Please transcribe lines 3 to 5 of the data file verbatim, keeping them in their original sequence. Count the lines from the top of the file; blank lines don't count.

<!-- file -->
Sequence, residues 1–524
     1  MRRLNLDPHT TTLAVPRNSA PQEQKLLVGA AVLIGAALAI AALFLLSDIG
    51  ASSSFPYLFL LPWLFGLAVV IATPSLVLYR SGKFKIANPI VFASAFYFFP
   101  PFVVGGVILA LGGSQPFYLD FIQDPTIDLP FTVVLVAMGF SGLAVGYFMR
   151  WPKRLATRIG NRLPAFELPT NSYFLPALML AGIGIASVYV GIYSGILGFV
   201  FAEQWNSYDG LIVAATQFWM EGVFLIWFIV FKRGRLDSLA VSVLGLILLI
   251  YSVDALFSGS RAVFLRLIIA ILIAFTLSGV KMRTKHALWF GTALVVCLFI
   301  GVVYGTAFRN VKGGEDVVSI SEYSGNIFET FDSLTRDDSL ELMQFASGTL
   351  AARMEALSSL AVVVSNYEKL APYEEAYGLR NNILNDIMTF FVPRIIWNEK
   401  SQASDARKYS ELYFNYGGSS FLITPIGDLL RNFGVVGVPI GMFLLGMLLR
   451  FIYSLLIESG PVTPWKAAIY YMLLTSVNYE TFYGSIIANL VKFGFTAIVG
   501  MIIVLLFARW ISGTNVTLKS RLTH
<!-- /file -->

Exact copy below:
    51  ASSSFPYLFL LPWLFGLAVV IATPSLVLYR SGKFKIANPI VFASAFYFFP
   101  PFVVGGVILA LGGSQPFYLD FIQDPTIDLP FTVVLVAMGF SGLAVGYFMR
   151  WPKRLATRIG NRLPAFELPT NSYFLPALML AGIGIASVYV GIYSGILGFV